NE Scotland, Orkney & Shetland

Pedometers used to boost cow breeding

Media playback is unsupported on your device
Media captionCattle in Aberdeenshire are being fitted with pedometers in the hope they will help with the breeding programme

Beef cattle in Aberdeenshire are to be fitted with pedometers to help farmers determine when artificial insemination should take place.

Studies have found the cattle are more active when their fertility peaks.

The collars are one example being showcased in conferences of how technology can boost productivity.

Although robotic milking and heat detection collars are regularly used in the dairy sector, beef farmers have been much slower to utilise technology.

SAC Consulting said it hoped farmers could realise the potential efficiency improvements that could come from precision technology.

Andrew Gammie, from Drumforber Farm in Laurencekirk, has been using the pedometers for two years but is one of only a handful of beef farmers in Scotland to do so.

'More cost-effective'

He has 15 collars on his herd of limousin cows, which detect movement and send the information to a receiver on the roof of a barn.

The information is processed by computer and when an animal is in heat, he receives a text message telling him to begin artificial insemination.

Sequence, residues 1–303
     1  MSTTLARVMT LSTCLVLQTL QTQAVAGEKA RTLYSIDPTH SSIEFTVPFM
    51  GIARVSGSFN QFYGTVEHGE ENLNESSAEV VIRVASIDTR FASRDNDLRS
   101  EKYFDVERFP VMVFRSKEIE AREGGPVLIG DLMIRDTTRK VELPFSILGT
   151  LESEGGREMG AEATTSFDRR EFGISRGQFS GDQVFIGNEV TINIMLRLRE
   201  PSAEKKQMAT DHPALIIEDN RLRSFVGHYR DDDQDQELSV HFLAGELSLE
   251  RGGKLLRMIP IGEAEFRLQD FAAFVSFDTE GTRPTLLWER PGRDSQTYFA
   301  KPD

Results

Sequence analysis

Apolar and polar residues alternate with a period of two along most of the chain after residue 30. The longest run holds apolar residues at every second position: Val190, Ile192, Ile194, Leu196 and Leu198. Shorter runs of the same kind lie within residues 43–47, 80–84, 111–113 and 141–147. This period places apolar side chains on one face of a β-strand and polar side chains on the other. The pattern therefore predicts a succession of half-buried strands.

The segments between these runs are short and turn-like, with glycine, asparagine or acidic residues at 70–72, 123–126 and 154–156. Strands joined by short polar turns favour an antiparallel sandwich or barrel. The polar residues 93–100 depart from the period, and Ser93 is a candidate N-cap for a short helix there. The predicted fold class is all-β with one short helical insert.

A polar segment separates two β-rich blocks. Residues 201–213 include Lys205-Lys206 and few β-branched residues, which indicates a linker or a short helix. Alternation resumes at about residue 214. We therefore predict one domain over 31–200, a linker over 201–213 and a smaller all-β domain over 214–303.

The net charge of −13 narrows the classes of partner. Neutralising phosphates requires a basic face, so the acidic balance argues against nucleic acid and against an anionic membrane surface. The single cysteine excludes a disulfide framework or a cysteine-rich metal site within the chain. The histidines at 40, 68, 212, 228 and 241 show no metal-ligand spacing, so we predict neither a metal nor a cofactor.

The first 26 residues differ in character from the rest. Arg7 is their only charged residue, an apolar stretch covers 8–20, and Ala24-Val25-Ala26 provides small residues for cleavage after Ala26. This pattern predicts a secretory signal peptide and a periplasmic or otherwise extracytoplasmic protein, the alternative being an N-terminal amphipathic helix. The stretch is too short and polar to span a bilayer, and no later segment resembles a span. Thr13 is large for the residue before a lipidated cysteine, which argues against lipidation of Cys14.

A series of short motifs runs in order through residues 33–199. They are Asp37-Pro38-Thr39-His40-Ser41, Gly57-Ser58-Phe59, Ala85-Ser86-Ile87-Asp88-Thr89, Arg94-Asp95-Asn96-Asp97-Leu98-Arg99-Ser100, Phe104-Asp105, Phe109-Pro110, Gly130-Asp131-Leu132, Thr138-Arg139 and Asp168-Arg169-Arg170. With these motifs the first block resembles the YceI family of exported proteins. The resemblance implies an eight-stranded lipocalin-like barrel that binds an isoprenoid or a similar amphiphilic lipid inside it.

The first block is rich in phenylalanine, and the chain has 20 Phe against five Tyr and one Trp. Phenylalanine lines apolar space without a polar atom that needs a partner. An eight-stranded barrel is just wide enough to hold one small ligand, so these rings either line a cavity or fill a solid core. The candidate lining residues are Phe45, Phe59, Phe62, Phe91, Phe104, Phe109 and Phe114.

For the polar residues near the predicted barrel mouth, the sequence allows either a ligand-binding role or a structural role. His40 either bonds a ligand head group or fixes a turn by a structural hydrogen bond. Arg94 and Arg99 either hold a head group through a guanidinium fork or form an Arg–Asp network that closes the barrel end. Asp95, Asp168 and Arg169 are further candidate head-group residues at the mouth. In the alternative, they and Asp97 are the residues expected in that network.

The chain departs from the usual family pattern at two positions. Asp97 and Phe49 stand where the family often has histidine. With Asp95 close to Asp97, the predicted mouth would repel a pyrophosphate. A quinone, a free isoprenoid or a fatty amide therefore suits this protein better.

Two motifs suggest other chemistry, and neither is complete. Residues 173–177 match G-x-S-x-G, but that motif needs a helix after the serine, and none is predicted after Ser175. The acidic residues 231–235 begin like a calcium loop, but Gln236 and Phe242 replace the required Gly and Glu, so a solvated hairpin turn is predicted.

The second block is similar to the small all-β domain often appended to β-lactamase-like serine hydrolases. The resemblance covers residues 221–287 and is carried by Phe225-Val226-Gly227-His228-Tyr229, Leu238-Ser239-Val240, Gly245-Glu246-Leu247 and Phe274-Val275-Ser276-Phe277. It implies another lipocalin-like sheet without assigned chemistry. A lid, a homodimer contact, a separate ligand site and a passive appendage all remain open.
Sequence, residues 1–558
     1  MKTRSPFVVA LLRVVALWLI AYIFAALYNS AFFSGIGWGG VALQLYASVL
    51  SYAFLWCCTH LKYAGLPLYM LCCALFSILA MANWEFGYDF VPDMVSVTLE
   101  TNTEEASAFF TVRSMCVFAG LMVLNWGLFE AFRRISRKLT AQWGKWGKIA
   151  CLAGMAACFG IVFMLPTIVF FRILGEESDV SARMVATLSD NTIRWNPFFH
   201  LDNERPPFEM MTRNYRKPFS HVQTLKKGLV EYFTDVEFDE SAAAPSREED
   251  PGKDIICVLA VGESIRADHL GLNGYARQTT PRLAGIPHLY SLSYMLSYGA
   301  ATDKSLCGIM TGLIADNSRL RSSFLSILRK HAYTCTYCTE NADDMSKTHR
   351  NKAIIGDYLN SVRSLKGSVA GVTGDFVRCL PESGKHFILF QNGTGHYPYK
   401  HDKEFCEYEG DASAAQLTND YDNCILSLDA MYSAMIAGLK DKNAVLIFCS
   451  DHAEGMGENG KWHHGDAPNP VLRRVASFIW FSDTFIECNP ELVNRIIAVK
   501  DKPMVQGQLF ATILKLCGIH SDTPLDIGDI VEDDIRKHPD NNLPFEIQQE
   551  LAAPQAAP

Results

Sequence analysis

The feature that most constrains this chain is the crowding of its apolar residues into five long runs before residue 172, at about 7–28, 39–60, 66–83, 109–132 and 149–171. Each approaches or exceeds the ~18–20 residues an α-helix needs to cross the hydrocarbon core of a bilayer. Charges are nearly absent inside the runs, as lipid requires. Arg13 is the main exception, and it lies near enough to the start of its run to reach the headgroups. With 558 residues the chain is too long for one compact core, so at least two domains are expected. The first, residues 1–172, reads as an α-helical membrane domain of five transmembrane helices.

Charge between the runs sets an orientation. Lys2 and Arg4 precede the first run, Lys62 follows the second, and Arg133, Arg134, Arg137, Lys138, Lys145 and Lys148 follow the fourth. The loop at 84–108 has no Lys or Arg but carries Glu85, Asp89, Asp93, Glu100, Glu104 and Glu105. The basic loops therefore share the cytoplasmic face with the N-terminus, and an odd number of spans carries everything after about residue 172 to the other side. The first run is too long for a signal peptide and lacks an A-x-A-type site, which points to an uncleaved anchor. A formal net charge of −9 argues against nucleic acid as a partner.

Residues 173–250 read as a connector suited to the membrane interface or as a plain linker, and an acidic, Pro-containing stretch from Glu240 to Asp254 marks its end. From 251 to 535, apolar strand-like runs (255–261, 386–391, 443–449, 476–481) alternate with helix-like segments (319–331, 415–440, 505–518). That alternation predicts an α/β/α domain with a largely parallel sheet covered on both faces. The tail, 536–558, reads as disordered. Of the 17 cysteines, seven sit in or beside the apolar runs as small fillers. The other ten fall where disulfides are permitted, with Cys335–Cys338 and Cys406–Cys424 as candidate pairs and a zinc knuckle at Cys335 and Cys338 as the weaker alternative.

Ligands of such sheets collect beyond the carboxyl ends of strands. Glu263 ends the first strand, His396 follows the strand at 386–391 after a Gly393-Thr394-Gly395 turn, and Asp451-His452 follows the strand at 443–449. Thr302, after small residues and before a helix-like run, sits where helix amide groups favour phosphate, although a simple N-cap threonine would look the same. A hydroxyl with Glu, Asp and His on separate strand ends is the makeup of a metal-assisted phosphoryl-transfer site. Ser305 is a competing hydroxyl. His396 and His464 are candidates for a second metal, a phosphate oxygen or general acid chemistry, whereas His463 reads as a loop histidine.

He said: "For me, when I was building my cow numbers up, I couldn't justify having a bull about.

"This way was a lot more efficient for the way I was working things. It's a lot more cost-effective and just a better management tool."

Technology seminars are being run for farmers in the Borders, Perth, Inverness and Aberdeenshire.

Image caption The pedometer measures how active the cow is and sends a text message to the farmer

SAC Consulting, which is organising the events, stress that technology will never replace good stocksmanship.

However, senior consultant David Ross said that it could provide more information.

He said: "It gives you a bit more data to be able to use and be able to study. It's by doing that, that you'll get the little gains that add up to a big gain in margin at the end of the year.

"With the next generation of farmers that's coming along, most have got a smartphone in their pocket and they're now able to use apps and other bits of kit that help them in their daily job.

"I think we will see a shift that there will be more of this technology used in the future."

Related Topics

More on this story

Related Internet links

The BBC is not responsible for the content of external Internet sites